But that doesn’t necessarily make it smarter. Undeveloped land is a rapidly dwindling resource, and what’s left is under pressure to deliver a host of other services we require from the natural world — growing food, sheltering wildlife, storing and purifying water, preventing erosion, and sequestering carbon, among others. And that pressure is rapidly intensifying. By 2050, in one plausible scenario from the National Renewable Energy Laboratory (NREL), supplying solar power for all our electrical needs could require ground-based solar on 0.5 percent of the total land area of the United States. To put that number in perspective, NREL senior research Robert Margolis says it’s “less land than we already dedicate to growing corn ethanol for biofuels.” (Continue reading)

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E.O. WILSON on Cooperation & the Tribal Mind

Posted by Richard Conniff on December 27, 2021

Photo: Gerald Forster

by Richard Conniff

Discover Magazine, June 2006


Edward O. Wilson has spent a lifetime squinting at ants and has come away with some of the biggest ideas in evolutionary biology since Darwin. “Sociobiology” and “biodiversity” are among the terms he popularized, as is “evolutionary biology” itself.

He has been in the thick of at least two nasty scientific brawls. In the 1950s, his field of systematics, the traditional science of identifying and classifying species based on their anatomies, was being shoved aside by molecular biology, which focused on genetics. His Harvard University colleague James Watson, codiscoverer of the structure of DNA, declined to acknowledge Wilson when they passed in the hall. Then in the 1970s, when Wilson published Sociobiology: The New Synthesis, other Harvard colleagues attacked the idea of analyzing human behavior from an evolutionary perspective as sexist, racist, or worse. He bore all the hostility in the polite, courtly style of his Southern upbringing, and largely prevailed. Sociobiology, though still controversial, has become mainstream as evolutionary psychology. The molecular biology wars may also be ending in a rapprochement, he says, as the “test tube jockeys” belatedly recognize that they need the “stamp collector” systematists after all.

Wilson, who turns 77 this month, has published three books during the past year that fit his own wry definition of a magnum opus: “a book which when dropped from a three-story building is big enough to kill a man.” Nature Revealed (Johns Hopkins) is a selection of his writings since 1949. From So Simple a Beginning (W. W. Norton) is an anthology of writings by Darwin, and Pheidole in the New World (Harvard) is a reorganization of an entire ant genus, including 341 new species Wilson discovered and more than 600 of his own drawings.

RC: You once wrote that you saw yourself parading provocative ideas “like a subaltern riding the regimental colors along the enemy line.”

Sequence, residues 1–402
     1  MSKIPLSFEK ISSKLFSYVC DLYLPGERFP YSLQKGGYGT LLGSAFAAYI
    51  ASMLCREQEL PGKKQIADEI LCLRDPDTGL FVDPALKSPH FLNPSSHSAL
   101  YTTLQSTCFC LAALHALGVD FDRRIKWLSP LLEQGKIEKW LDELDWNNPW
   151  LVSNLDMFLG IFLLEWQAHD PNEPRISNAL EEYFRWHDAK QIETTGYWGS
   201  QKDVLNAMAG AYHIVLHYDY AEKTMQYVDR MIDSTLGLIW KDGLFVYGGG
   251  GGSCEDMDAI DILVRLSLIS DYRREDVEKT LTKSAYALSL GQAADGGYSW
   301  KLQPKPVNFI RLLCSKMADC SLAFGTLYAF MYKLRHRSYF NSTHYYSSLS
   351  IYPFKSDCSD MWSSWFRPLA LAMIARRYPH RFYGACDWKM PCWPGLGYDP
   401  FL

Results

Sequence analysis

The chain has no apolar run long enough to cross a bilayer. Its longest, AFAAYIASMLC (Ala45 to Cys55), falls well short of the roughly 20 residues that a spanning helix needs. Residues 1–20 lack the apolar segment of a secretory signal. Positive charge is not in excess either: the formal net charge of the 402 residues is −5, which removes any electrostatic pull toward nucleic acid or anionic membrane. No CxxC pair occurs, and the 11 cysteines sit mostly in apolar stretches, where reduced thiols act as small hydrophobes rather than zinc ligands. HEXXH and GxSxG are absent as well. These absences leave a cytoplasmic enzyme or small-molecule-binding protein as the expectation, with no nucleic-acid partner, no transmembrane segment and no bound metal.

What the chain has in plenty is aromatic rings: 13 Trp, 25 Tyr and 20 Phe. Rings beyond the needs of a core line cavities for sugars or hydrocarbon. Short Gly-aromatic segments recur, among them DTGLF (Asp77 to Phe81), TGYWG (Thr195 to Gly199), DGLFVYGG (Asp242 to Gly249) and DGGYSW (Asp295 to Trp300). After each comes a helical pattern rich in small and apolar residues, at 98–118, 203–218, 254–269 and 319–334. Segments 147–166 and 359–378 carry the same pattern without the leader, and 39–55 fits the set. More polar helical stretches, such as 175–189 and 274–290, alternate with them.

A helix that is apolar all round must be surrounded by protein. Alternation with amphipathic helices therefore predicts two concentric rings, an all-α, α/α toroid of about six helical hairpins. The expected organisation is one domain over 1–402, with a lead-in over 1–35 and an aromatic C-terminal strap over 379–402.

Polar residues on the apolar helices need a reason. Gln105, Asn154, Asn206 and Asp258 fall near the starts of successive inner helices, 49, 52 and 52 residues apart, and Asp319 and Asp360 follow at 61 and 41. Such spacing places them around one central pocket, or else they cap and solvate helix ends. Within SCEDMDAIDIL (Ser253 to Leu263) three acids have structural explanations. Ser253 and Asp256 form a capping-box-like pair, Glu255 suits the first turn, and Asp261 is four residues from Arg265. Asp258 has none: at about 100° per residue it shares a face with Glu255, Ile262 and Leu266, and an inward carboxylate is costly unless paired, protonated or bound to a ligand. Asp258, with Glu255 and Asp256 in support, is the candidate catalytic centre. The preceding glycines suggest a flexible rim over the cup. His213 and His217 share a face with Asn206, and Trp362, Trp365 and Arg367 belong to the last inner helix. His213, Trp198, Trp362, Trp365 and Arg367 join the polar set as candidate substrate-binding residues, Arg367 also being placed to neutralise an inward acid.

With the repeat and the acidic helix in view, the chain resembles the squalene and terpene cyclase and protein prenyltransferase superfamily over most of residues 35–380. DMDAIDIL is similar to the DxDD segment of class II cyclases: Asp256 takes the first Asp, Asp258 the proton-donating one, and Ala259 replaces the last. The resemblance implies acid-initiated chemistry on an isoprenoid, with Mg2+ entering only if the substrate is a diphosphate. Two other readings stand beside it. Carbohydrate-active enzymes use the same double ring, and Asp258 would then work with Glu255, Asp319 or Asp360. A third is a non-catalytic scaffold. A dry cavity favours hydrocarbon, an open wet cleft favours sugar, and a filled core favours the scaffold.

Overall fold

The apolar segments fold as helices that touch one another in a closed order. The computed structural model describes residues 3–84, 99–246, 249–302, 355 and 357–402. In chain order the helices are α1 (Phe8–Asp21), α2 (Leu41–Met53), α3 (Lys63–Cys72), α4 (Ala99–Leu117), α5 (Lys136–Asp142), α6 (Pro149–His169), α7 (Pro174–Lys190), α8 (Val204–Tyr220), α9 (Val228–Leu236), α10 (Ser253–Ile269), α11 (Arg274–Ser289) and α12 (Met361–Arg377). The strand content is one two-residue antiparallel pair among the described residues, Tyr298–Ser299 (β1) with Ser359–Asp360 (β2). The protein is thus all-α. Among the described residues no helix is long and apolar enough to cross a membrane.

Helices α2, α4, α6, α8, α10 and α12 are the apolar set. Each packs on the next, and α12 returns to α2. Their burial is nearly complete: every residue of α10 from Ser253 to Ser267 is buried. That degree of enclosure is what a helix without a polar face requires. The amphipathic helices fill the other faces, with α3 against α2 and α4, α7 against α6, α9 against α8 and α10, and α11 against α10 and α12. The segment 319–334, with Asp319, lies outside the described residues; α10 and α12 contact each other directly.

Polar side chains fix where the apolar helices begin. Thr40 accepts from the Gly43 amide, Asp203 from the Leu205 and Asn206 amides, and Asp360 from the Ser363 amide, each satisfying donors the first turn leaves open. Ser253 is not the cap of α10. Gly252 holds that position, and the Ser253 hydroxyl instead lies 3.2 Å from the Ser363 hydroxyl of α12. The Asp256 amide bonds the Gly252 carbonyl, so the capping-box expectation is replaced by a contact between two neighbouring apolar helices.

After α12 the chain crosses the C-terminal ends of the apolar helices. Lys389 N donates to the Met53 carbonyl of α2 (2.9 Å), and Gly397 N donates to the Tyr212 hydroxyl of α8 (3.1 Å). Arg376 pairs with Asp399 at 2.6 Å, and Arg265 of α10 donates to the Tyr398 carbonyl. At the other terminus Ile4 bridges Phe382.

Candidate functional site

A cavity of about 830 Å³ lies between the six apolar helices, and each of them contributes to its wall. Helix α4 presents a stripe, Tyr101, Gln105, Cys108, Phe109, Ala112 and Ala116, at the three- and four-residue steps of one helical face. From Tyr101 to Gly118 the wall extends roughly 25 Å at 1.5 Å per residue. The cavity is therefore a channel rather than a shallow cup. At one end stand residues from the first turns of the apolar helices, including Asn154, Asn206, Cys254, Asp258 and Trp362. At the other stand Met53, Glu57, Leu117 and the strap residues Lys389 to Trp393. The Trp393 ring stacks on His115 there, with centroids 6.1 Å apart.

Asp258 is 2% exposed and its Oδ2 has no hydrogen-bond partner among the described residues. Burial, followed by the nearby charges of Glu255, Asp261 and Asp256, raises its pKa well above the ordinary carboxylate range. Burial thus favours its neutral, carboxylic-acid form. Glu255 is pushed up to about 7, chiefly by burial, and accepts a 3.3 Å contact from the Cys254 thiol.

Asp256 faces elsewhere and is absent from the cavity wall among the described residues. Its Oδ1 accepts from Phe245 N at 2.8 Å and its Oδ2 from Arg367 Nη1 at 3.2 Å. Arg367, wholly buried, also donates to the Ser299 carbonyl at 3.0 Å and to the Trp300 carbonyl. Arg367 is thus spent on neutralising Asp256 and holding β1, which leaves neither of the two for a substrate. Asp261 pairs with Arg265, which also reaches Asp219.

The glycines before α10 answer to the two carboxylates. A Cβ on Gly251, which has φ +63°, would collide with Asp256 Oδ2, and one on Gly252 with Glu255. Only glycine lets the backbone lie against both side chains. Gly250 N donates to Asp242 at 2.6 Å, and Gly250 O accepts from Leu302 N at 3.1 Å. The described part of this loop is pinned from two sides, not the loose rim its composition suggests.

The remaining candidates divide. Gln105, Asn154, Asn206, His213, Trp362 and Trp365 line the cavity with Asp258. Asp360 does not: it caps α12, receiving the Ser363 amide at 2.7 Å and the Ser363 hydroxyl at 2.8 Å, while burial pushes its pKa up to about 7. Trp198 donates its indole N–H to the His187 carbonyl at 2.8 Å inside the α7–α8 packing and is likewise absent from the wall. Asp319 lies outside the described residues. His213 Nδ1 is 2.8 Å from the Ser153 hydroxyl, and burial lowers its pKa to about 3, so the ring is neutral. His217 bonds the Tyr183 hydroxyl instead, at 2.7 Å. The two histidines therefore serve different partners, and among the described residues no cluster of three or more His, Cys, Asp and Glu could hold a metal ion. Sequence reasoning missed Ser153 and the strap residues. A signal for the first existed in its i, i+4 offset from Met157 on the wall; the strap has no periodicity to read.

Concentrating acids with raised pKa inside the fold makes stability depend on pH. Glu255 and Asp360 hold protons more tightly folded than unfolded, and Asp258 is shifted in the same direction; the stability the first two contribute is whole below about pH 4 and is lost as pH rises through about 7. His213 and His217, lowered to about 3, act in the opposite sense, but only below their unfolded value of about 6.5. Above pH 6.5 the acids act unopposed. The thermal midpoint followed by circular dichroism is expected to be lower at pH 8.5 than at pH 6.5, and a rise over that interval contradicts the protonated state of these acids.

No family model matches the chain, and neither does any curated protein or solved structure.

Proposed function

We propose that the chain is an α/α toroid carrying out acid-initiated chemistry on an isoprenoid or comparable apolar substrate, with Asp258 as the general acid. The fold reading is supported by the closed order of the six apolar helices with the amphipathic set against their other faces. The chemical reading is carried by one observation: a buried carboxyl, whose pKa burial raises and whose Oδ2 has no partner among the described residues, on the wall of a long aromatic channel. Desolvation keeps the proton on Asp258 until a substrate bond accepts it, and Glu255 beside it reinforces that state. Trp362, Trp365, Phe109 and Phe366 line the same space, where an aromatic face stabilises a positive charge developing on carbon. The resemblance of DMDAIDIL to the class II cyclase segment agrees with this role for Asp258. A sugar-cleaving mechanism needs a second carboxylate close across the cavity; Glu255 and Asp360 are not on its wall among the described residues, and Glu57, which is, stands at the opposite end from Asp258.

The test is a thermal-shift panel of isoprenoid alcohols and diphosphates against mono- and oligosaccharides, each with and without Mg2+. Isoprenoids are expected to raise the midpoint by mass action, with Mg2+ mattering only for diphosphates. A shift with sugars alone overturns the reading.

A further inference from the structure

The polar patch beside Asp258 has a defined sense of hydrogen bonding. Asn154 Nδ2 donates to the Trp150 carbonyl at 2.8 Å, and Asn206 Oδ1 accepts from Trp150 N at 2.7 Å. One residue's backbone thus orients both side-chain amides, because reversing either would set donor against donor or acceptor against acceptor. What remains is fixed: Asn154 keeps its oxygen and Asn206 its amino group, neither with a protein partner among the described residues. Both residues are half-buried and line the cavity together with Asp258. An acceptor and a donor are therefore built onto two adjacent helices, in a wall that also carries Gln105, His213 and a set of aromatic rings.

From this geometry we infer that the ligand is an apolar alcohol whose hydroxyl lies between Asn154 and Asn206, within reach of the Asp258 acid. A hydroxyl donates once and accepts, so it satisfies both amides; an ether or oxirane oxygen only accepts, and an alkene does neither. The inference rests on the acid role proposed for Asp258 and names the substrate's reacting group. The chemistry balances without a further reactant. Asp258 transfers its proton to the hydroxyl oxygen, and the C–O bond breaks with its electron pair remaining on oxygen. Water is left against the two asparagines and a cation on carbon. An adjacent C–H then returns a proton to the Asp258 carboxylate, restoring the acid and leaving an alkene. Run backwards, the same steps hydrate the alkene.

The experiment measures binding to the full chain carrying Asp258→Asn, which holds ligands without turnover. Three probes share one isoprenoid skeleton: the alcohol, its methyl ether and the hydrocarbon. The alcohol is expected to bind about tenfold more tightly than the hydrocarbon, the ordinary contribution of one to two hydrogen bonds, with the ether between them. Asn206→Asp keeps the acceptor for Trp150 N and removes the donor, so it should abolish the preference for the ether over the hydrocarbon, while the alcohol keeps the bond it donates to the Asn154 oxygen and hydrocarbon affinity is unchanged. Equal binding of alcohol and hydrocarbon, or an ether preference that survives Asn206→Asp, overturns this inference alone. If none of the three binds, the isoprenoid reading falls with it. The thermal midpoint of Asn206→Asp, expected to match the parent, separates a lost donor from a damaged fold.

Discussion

Wilson: That’s right, “along the enemy line.” That’s an adolescent and very Southern way of putting it, but I wanted to say that I’m a risk taker at heart.

RC: And a provocateur?

Wilson: Yes, but not a controversialist. There’s a distinction. Once I feel I’m right, I have enjoyed provoking.

RC: Your adversaries from the 1970s would be appalled by how much your ideas about sociobiology have taken hold.

Wilson: The opposition has mostly fallen silent. Anyway, it was promoted by what turned out to be a very small number of biologists with a 1960s political agenda. Most of the opposition came from the social sciences, where it was visceral and almost universal.

RC: The social scientists were threatened by the invasion of their territory?

Wilson: That’s right.

RC: The same way that you were threatened by the molecular biologists invading the biological field in the 1950s?

Wilson: They didn’t invade it so much as they dismissed it. What’s been gratifying is to live long enough to see molecular biology and evolutionary biology growing toward each other and uniting in research efforts. It’s personally satisfying and symbolic that Jim Watson and I now get on so well. We even appeared onstage a couple of times together during the 50th anniversary year of the discovery of DNA.

RC: You once described Watson as “the most unpleasant human being” you’d ever met. (Keep reading)

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Posted in Biodiversity, Conservation and Extinction, The Species Seekers | Leave a Comment »

U.S. Cities Are Losing Tree Cover Just When They Need It Most

Posted by Richard Conniff on April 8, 2021

strange behaviors

 by Richard Conniff/Scientific American

Scientific evidence that trees and green spaces are crucial to the well-being of people in urban areas has multiplied in recent decades. Conveniently, these findings have emerged just as Americans, already among the most urbanized people in the world, are increasingly choosing to live in cities. The problem—partly as a result of that choice—is that urban tree cover is now steadily declining across the U.S.

A study in the May 2018 issue of Urban Forestry & Urban Greening reports metropolitan areas are experiencing a net loss of about 36 million trees nationwide every year. That amounts to about 175,000 acres of tree cover, most of it in central city and suburban areas but also on the exurban fringes. This reduction, says lead author David Nowak of the U.S. Forest Service (USFS), translates into an annual loss of about $96 million in benefits—based, he says, on…

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It’s Time for a Carbon Tax on Beef

Posted by Richard Conniff on April 7, 2021

strange behaviors

(Illustration: Igor Bastidas)

by Richard Conniff/The New York Times

Let me admit up front that I would rather be eating a cheeseburger right now. Or maybe trying out a promising new recipe for Korean braised short ribs. But our collective love affair with beef, dating back more than 10,000 years, has gone wrong, in so many ways. And in my head, if not in my appetites, I know it’s time to break it off.